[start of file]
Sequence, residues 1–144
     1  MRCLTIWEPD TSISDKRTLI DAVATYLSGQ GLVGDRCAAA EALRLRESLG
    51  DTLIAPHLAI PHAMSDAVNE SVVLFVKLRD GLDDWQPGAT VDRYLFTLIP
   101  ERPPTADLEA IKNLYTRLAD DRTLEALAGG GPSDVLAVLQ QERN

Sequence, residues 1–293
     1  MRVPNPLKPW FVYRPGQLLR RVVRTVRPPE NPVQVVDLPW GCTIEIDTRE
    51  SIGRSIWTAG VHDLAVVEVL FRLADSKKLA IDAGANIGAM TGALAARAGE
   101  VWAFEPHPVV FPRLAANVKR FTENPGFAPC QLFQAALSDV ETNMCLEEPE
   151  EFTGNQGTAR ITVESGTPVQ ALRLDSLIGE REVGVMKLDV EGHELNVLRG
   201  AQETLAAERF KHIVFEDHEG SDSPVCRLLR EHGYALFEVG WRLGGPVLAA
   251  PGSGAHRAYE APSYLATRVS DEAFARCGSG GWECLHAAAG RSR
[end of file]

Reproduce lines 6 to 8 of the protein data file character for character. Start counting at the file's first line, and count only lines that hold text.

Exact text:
     1  MRVPNPLKPW FVYRPGQLLR RVVRTVRPPE NPVQVVDLPW GCTIEIDTRE
    51  SIGRSIWTAG VHDLAVVEVL FRLADSKKLA IDAGANIGAM TGALAARAGE
   101  VWAFEPHPVV FPRLAANVKR FTENPGFAPC QLFQAALSDV ETNMCLEEPE